I think many individuals for a long time have realized that when it comes to faith or spirituality Oprah is cuckoo for Cocoa Puffs. So when she speaks about faith (or anything related to it) I typically don’t pay much attention. And I haven’t paid much attention to this either. And I don’t really plan to. And I don’t think you should either.

Here’s why. Focusing on things like this only succeed in taking our focus off things that really matter, things that will in the end have a lasting impact on eternity. Focus on being Jesus to your neighbor, your co-worker, your children, your parents…basically anyone you come in contact with. Take all the energy and effort you would use to tell the masses about the evilness of Oprah and use it to tell about the greatness of God. Go work at a homeless shelter. Clean up your neighborhood. Invite your neighbors over for dinner. Do something to increase the Kingdom. Don’t waste your time on Oprah.

The only thing that’s worth noticing about the latest belief system of Oprah, and those that are following her is that once again, it’s evidence that America is heading towards post-Christianity. In all honesty, America is the new mission field. And just think, you’re there, living right in the midst of it. You don’t even have to pack up your belongings and move across the ocean to be on mission with God. It’s all around you, right where you live.


The Stories of Others

January 2, 2008

I was watching a show recently where a part-time character was killed in an auto accident. One of the main characters was responsible for telling the spouse about her husband’s death. The main character commented that until this particular day she didn’t even know the wife (they worked at the same place), but was now the one that brought the news that would make up one of the worst days in the life of the wife. The main character would now be known as the one who told the wife of her husband’s death. She would be “that” person in the wife’s story of her life.

It got me to thinking…what part have I or will I play in the stories of others? When my neighbors tell their life story what part will I play? Will I be the one that showed them what Jesus was like, or will I show them what hypocritical religion was like, or will I even be mentioned at all?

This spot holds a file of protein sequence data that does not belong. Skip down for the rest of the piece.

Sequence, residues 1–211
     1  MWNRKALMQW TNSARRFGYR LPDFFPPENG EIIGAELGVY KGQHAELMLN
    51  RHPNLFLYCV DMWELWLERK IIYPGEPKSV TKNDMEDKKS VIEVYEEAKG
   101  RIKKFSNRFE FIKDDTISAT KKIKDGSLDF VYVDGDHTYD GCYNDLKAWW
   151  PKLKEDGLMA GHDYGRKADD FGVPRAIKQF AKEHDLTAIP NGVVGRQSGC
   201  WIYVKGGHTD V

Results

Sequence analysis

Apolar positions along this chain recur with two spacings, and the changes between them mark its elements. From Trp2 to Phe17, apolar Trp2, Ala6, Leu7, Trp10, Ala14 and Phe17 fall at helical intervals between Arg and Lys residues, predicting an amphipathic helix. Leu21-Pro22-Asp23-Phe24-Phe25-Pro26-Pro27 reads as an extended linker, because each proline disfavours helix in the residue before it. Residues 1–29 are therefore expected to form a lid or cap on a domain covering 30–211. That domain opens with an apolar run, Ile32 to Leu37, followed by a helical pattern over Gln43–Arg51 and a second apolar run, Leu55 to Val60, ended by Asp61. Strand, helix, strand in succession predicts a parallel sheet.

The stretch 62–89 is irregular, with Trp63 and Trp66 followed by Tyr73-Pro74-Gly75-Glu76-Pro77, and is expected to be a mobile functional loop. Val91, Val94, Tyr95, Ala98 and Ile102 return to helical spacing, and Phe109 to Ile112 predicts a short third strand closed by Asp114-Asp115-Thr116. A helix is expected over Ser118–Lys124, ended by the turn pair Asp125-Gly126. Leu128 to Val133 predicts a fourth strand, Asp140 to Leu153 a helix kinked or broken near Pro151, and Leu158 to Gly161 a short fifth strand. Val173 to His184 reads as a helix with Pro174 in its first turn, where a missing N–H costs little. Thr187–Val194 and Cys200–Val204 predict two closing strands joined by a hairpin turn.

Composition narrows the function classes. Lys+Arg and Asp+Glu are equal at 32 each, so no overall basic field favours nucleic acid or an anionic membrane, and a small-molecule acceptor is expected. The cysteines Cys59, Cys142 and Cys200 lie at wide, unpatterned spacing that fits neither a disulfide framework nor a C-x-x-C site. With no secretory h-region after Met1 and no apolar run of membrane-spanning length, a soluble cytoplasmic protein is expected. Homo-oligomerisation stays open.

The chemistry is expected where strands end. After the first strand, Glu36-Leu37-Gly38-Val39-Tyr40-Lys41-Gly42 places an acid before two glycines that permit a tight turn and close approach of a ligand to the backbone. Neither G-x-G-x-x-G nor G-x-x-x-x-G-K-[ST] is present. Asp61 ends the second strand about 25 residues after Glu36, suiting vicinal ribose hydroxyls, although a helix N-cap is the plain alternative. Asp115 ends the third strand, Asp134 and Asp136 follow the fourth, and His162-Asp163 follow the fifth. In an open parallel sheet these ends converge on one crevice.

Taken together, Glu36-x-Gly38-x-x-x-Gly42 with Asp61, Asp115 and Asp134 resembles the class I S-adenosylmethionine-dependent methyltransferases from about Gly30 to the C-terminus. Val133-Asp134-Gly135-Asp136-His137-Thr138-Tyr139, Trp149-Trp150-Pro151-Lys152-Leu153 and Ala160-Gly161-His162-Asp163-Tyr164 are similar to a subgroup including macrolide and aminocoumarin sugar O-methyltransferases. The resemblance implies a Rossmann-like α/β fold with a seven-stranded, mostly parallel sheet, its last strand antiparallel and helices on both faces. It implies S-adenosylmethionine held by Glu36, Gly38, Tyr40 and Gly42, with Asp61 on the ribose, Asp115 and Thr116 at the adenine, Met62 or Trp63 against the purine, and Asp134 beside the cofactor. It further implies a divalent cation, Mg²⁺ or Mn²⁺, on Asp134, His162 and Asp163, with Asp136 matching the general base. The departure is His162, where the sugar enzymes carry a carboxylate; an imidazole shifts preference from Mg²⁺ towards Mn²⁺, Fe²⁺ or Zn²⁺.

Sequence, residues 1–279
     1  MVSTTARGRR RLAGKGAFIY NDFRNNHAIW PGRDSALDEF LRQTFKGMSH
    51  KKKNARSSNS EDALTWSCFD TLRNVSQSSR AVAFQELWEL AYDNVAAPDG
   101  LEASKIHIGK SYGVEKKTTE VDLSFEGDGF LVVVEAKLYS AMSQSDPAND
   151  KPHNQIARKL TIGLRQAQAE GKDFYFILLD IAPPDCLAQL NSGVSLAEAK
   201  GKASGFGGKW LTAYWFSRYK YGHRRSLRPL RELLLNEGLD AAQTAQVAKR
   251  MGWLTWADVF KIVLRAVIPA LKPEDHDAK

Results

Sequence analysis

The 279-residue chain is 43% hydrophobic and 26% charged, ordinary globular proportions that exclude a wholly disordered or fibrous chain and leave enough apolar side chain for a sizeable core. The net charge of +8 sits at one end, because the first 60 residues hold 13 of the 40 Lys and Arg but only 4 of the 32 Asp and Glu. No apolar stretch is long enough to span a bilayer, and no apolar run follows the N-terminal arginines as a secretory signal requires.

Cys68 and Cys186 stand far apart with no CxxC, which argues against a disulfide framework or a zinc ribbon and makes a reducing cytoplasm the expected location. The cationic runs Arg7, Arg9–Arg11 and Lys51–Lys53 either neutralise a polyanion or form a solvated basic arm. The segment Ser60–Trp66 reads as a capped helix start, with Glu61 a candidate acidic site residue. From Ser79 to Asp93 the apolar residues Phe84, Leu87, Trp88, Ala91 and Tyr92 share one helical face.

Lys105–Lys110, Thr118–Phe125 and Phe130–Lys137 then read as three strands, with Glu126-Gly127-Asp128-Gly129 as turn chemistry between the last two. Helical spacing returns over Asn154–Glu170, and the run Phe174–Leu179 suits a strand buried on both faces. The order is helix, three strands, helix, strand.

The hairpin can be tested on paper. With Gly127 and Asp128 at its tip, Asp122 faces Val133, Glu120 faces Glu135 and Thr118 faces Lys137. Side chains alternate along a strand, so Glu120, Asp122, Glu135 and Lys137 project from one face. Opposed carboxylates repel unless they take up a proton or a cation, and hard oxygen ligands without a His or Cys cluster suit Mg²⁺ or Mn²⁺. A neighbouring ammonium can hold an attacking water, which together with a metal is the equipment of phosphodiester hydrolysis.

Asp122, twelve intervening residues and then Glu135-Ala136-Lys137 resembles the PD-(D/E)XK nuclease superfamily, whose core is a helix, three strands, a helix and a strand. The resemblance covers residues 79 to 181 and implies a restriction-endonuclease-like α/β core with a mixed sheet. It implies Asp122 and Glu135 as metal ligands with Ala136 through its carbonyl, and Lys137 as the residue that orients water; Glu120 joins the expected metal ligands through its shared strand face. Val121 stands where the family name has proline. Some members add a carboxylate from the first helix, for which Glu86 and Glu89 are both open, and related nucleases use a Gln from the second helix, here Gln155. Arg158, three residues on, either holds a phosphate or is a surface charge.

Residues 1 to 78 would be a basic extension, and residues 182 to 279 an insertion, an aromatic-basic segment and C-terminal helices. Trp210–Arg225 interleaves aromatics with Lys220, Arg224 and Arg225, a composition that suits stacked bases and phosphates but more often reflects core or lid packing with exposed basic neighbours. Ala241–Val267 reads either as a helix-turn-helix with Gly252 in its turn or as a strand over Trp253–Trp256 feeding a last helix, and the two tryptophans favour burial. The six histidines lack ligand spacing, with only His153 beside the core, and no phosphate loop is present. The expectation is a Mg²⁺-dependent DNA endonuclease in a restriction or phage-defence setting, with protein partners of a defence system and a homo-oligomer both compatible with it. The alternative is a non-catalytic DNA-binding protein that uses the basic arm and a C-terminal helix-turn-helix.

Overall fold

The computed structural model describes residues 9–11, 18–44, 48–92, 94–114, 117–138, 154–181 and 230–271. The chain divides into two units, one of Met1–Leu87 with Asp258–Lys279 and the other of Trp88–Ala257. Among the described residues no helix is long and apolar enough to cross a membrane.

I hope that when others I know, or will come to know, mention me in their stories it will be because in me they saw and experienced the hands, feet, eyes, mouth, and ears of Jesus. Hopefully they will say that I pointed them to the throne of Christ.


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A Little Confused

June 13, 2007

I’m relatively new to the life of being a “missionary”. I’m not new, however, to what it means to “share the gospel”. My hope and prayer is that through building relationships with others they might come to know about the sovereign grace of Christ, that the Holy Spirit will awaken their soul, and that God will call them to Himself.

But how far do you take things in a given conversation when things turn spiritual? In fact, just today a colleague told me that she felt the Holy Spirit was preventing her from taking things deeper in a conversation she was having with a friend.

When is just being a friend and living life with someone not enough? When do you push things deeper, and how do you know that it’s the right time?

Just very simple, basic things I’m working through right now.

UPDATE: After reading through my post I feel that a little clarification is needed. I live in a Western European culture. But I work with Muslims. It’s highly unlikely that someone in this context is going to come to faith through good old fashioned theological debate. The sticking points will always be issues such as the trinity, the incarnate nature of Christ, the crucifixion and resurrection. The point of my post was me asking the question, how often and how deep do I push these things, knowing full well that their witness of my life is more likely to lead them towards Christ than a spiritually deep conversation. And I don’t know that this question has an answer, but it needed to be asked anyway.

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First Research Project

April 21, 2007

After hearing about Ed Stetzer’s move to LifeWay Research and the collaboration that will take place between IMB, NAMB, & LifeWay, (you can read through others’ thoughts on this here, here, here and here) I have a proposal for Ed for his first research project in this new position:

What are the key characteristics, the positive influences which influence growth, and the negative influences which stunt growth in simple, organic churches of non-indegenous ethnic minorities (i.e. Iranians, Kurds, Bengalis, etc.) in post-modern cultures (i.e. London, Paris, etc.)?

I’m looking forward to your findings…